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Re: loader surcharge at top of retaining wall

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An intuitive way to visualize this is to think of the beam as a spring,
loaded at its midspan.  When the load is suddenly applied, it deflects a
certain distance, then springs back to almost its original position, then
down again to almost the initial deflection, and so on until the energy is
dissipated.  The deflection limits of this "pendulum" movement are zero and
the initial deflection.  And the "at rest" loaded position will be half way
between.  This "at rest" loaded position is the static deflection and it is
half the dynamic deflection.  Assuming elastic behavior, deflection is
directly proportional to load, so the dynamic "load" is twice the static
load; or another way to say it is that the impact factor is 2.

----- Original Message -----
From: Gunnar Hafsteinn Isleifsson <gunnarhi(--nospam--at)>
To: <seaint(--nospam--at)>
Sent: Tuesday, November 14, 2000 6:29 PM
Subject: RE: loader surcharge at top of retaining wall

Timoshenko's Mechanics of Materials has an example which shows that a
statically applied sudden load corresponds to a impact factor equal to 2.
Imagine you have a simply supported beam with a mass M held at midspan, so
it just touches the beam, without imparting any load. If you suddenly
release the load (no dropping height or initial velocity), you get a
deflection in the beam that is double that of the deflection from a
statically (infinitely slowly) applied load. Thus an impact factor of 2
without any incoming kinetic energy. The above assumes no energy losses,
elastic behaviour, etc., etc.

Gunnar Hafsteinn Isleifsson

-----Original Message-----
From: Sherman, William [mailto:ShermanWC(--nospam--at)]
Sent: Tuesday, November 14, 2000 19:42
To: 'seaint(--nospam--at)'
Subject: RE: loader surcharge at top of retaining wall

Christopher Wright wrote:

> The 1/4 second estimate sounds like a hipshot that provided stresses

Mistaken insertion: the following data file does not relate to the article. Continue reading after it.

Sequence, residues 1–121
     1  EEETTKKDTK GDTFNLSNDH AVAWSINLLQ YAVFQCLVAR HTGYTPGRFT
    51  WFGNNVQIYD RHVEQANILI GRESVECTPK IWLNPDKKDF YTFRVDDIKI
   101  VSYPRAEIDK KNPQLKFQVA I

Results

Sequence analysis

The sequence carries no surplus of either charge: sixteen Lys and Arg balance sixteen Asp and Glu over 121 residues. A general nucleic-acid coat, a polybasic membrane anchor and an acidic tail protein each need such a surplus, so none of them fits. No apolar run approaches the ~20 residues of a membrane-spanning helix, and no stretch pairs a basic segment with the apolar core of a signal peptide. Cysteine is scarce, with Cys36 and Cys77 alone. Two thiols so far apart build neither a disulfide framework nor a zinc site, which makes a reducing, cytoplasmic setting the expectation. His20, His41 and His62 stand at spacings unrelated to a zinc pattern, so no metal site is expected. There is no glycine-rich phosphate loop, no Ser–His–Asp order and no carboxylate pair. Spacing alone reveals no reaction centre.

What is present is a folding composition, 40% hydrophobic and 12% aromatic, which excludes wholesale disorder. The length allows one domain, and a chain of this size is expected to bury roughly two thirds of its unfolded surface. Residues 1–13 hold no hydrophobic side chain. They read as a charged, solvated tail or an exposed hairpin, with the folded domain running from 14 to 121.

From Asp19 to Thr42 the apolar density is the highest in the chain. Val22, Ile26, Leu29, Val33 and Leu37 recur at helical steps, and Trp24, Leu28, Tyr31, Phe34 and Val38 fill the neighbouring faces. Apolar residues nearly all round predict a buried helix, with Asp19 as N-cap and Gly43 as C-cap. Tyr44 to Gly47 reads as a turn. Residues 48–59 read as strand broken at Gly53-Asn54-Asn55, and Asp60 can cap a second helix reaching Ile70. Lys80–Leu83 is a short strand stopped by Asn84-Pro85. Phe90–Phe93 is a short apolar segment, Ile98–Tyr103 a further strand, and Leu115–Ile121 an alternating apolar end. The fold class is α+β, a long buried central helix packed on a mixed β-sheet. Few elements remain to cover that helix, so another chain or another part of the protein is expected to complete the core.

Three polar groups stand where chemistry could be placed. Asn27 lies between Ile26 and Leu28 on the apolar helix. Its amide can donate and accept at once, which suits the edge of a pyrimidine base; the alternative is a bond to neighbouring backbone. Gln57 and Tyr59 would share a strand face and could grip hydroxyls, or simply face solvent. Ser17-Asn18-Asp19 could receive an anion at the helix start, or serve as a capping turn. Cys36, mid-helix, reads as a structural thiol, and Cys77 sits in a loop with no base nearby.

> that made someone feel good. Your impact factor of 2 is probably a
> little low--it implies a statically applied sudden load without any
> incoming kinetic energy or energy loss in the collision. Probably
> there is enough energy lost in friction so that you're not too far off,
> but you're not all that conservative unless you can live with some damage.

Your first statement is a valid statement - but I'm not sure why you say it
doesn't account for any kinetic energy. Isn't kinetic energy accounted for
in the formula F=Ma?

At 10 MPH, the speed equates to 14.7 feet per second. Using my assumed
deceleration rate of 0.25 seconds, my equivalent force formula is as

F = Mass x acceleration = (weight/32.2 ft/sec^2) x (14.7/0.25 sec) = 1.83 W

But I must admit that if the deceleration rate is, for example, 0.10
the force increases to F = 4.6 W. Thus the force is very dependent upon the
rate of deceleration. I'm sure a detailed dynamic equation can be written to

determine a more accurate deceleration rate based on the wall stiffness
a moving object impacting on a spring), although the wall stiffness requires

some additional assumptions regarding materials properties (instantaneous
modulus of elasticity, cracked section properties, base fixity, etc).
the best one can do is get an "estimate" of the magnitude of load.